Employee Service Crediting: a Key Part of Plan Administration
By Anna Noble, CIP, QPA
Is employee service crediting important?
Yes. Crediting an employee’s service with the employer is one of many important aspects of qualified retirement plan administration, as service with the employer is taken into account for purposes of
meeting eligibility requirements to participate in the plan,
meeting conditions for receiving employer contributions, and
Are there certain methods of crediting service?
Yes. For plan purposes, employee service may be credited in three ways.
Actual hours of service method – employees receive credit for the hours during which they performed services for the employer, as well as certain hours for which they were paid, but no services were performed (e.g., paid time off, sick pay, maternity or paternity leave).
Equivalency method – employees receive credit for a defined number of hours based on working at least one hour during a specified period. For example, under monthly equivalency, an employee would receive 190 hours of service for each month he worked at least one hour.
Elapsed time method – The employer does not keep track of hours worked. Instead, the employer considers a period of employee service.
The method of crediting service must be specified in the plan document. The employer may use different methods for different purposes.
Which method of crediting service should be elected?
The answer to this question depends on several factors. The actual hours method requires tracking the hours of service for each employee and may not be fitting for employees paid on a salary basis. On the other hand, while the elapsed time or equivalency method may credit more service than actually performed, it may be easier to administer. The employer should carefully consider the administrative aspect before determining which service crediting method to use.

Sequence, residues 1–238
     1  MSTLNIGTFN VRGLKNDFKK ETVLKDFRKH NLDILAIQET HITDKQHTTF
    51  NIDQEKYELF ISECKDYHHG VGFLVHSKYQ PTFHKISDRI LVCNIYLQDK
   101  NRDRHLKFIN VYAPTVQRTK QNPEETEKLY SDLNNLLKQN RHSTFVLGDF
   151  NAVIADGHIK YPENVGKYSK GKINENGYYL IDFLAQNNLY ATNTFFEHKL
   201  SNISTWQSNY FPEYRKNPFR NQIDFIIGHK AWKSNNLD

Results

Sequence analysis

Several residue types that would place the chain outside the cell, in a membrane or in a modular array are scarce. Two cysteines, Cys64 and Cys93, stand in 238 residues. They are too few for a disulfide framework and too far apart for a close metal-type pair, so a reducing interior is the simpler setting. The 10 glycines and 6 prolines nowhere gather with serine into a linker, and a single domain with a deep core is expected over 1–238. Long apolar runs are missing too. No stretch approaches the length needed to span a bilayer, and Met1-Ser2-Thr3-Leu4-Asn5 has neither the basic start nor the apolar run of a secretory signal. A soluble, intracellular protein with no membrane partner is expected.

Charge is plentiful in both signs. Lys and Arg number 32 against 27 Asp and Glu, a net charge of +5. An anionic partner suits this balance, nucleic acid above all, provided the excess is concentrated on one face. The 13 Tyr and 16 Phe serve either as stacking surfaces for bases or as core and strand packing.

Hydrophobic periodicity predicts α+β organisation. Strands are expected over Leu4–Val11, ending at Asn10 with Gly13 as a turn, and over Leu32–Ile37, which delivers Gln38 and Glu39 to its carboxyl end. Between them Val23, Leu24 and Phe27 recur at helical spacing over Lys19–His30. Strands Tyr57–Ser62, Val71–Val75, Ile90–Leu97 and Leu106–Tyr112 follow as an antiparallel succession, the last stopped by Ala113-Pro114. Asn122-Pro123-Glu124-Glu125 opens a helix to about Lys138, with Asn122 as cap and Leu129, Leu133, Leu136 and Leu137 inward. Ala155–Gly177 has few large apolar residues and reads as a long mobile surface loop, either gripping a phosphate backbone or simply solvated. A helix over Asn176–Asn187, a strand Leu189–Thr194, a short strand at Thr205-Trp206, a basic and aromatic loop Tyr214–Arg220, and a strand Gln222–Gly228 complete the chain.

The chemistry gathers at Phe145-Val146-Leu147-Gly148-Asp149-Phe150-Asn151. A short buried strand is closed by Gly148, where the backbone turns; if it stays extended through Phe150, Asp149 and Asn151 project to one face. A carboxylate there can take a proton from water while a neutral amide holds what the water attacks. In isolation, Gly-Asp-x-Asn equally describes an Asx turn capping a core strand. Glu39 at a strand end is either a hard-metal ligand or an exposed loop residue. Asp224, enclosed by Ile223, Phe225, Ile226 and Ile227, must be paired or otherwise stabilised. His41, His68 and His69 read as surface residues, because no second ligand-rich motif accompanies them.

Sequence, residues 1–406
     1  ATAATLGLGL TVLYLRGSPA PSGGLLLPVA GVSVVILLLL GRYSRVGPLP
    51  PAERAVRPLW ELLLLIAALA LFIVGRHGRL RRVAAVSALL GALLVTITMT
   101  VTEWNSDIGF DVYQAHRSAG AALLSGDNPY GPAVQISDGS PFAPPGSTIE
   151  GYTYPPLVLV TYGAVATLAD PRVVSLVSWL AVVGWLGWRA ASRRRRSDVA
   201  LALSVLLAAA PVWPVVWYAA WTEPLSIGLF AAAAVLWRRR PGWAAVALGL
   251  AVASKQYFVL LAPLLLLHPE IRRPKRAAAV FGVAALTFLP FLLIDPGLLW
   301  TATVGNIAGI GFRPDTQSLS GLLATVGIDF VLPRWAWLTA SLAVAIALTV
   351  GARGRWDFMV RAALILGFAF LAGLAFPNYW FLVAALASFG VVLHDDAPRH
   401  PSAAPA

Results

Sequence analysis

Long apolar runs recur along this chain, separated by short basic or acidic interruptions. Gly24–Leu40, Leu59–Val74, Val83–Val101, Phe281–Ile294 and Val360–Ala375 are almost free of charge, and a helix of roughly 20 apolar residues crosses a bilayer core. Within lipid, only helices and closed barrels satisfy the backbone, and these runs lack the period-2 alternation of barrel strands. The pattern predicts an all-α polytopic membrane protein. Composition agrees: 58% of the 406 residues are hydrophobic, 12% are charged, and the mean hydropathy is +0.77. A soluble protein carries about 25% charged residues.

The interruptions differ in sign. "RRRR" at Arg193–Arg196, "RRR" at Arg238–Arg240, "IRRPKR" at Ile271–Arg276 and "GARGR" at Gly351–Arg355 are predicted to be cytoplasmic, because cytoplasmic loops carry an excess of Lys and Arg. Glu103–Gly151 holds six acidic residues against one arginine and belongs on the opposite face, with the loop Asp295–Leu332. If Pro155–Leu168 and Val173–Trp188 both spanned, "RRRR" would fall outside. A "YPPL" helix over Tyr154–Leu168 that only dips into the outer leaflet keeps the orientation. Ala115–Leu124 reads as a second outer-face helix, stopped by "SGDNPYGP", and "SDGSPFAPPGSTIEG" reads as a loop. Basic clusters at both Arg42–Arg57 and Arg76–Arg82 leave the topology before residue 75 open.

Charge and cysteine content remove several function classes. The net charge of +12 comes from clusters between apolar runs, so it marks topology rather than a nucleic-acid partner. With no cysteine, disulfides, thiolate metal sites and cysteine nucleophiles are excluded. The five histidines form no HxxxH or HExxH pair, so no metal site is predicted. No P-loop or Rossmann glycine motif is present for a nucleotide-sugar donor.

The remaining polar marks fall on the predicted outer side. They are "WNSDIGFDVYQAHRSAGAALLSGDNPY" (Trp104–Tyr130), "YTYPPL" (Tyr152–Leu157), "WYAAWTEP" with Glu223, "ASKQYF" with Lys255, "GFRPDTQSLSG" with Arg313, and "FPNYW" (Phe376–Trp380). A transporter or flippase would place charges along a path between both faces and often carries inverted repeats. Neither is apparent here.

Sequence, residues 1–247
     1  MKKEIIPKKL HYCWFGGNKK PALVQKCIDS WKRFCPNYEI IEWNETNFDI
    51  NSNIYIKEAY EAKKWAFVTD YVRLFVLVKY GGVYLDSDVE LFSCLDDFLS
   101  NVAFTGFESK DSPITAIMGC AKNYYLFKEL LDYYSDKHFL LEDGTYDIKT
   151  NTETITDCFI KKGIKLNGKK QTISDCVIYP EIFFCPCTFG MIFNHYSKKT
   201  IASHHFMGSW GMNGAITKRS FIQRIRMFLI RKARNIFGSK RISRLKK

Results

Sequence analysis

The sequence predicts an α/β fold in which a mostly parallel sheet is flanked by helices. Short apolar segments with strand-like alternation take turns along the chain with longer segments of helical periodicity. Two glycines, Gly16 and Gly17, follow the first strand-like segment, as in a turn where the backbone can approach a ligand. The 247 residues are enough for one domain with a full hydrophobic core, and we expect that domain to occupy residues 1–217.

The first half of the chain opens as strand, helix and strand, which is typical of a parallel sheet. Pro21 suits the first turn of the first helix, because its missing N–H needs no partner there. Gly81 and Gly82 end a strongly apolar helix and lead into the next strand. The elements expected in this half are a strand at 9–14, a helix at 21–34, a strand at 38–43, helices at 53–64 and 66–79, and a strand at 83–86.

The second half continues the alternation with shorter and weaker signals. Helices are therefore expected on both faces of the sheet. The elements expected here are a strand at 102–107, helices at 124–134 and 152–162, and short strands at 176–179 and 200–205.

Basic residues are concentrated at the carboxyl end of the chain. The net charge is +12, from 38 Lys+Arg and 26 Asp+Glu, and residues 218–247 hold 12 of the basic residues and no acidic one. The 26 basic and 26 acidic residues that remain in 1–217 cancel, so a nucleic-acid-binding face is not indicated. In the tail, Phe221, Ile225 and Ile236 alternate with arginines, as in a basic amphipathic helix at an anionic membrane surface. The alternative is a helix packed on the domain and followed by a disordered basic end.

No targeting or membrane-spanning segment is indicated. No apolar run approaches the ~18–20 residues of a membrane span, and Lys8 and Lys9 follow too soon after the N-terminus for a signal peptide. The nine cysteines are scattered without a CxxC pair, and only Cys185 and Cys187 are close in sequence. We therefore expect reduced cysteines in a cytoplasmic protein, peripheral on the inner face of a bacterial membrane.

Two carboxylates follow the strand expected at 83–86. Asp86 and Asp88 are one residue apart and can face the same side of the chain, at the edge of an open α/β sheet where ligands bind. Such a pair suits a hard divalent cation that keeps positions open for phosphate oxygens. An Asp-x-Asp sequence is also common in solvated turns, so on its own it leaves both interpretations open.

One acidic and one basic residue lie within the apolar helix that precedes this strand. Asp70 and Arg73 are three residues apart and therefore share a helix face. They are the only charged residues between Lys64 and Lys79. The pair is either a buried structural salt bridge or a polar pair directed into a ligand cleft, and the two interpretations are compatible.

Can service with an employer ever be excluded for plan purposes?
In general, all service with the employer must be counted for plan purposes. When the plan is first established, current employees may already have completed the minimum number of hours required to participate in the plan. Employee service while in an excluded class must also be counted and credited when an employee moves to a classification eligible for participation in the plan.
For vesting purposes only, the employer may exclude service before the employee reaches age 18, before the plan or the predecessor plan was established, or during the time period that the employee did not make mandatory nondeductible contributions to the plan.
Can service with another employer be granted for plan purposes?
Yes, the employer may, if specified in the plan document, grant service performed with a prior employer. Important to note is that service with any related employer will always be credited for plan purposes without a need for a special plan document provision.